How Customers Think

Unless the purchase is very important, most corporate customers don't have the time to evaluate every alternative. They simply side for the market leader. They are also swayed by recommendations. The word of colleagues, friends, and trusted journalists carries a good deal of weight. Top-price products, however, carry much influence and little selling momentum. Price may make corporate decision-makers prick up their ears, but it rarely opens their wallets.

And it is easy to understand why. A top accountancy product may cost as much as $25,000 as opposed to the $250 that most firms spend. While the top end product may have 100 times more features, the popular ones almost certainly meet all the main requirements.

Salespeople who appreciate their buyer's situation are often deft at knocking their competitors' products. The best ones tend to speak with gentle authority. But all this is generalization. There is no such thing as a typical customer. The world is not made up of hoards of purchasing clones. So when you are picturing your customer, you are looking for character and purchasing types rather than a single exact fit.

The market research you do before you embark on the product reveals the types most likely to buy. Be prepared to fine-tune these if the product or market changes during development. When you are selling, it is a lot more realistic to have a flexible view of your customers than a single-minded one.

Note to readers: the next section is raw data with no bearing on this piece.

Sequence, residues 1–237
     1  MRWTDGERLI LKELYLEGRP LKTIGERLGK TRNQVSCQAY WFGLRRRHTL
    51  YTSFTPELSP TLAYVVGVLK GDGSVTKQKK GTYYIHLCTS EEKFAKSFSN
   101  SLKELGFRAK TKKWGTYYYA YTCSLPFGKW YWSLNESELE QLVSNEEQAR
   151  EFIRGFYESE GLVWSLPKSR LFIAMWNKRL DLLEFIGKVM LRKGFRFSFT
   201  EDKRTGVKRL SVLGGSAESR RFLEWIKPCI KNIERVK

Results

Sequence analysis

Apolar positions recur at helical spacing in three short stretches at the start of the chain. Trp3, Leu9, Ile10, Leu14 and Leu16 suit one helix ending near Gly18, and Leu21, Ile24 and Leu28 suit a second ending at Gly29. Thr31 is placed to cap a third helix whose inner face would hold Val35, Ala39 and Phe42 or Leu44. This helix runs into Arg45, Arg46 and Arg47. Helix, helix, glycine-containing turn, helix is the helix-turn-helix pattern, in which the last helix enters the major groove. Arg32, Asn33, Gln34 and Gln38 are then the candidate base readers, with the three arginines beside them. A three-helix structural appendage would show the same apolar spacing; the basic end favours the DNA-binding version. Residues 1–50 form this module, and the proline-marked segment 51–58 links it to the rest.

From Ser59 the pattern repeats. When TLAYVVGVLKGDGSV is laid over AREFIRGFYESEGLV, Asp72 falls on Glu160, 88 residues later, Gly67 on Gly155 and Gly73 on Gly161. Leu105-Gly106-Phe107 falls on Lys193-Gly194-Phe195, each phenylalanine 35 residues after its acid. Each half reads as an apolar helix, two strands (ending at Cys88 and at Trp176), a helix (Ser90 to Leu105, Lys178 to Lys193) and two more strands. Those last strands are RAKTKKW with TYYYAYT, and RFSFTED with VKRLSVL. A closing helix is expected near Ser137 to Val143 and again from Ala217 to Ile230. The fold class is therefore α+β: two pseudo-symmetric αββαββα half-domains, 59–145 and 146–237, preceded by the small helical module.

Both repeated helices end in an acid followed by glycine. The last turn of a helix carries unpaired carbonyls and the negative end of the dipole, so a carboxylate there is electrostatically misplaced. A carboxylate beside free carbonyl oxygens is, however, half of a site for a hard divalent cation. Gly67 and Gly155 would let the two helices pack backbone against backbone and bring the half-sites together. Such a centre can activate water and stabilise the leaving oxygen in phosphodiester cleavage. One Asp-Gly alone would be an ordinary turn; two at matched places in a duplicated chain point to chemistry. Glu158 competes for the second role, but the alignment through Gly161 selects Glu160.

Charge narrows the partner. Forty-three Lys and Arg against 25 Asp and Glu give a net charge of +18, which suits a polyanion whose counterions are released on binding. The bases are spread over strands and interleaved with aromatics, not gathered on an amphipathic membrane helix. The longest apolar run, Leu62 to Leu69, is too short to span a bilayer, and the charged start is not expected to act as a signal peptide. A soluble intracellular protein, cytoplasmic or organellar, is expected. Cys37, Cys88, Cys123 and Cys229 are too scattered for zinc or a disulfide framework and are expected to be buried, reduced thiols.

Unless you are a masochist, the best way to treat a customer is as you would like to be treated yourself: courteously, supportively, and fairly. Show them that you listen. Check back with them periodically to reiterate what you understand they've said. It doesn't matter if you don't agree with them. What matters is that they know you listen and acknowledge their reservations. Then when they stop, they feel they owe attention to you. What you have to contribute then falls on more receptive ears. Once it is apparent that you understand your customer's situation, they are much more likely to close the sale than postpone a decision until they can summon reinforcements. If you treat them fairly and they like your product, a few may even recommend you to friends.

One aphorism that should be crushed is "The customer is always right." It sounds good and it makes all purchasing mankind seem like demi-gods. Indeed the phrase has become so entrenched that anyone new to business begins by following this maxim to the letter. The truth is that customers are right a lot of the time, but they are pushing their luck when they try and return software that they have been patently still using, or pressure manufacturers to add a new feature, or demand major upgrades for free. They are just trying to extract a free lunch. The approach is disingenuous because they'll try it on a small developer but they'd never dream of asking big players such as Microsoft, Symantec, or Oracle for similar favors.

It is important that you treat customers well—this will pay dividends and build up customer loyalty—but question every request and if it's a ploy, politely, persuasively, and fairly explain the company policy. They may grumble initially but this technique has turned this situation around and won some of my companies their strongest product evangelists.

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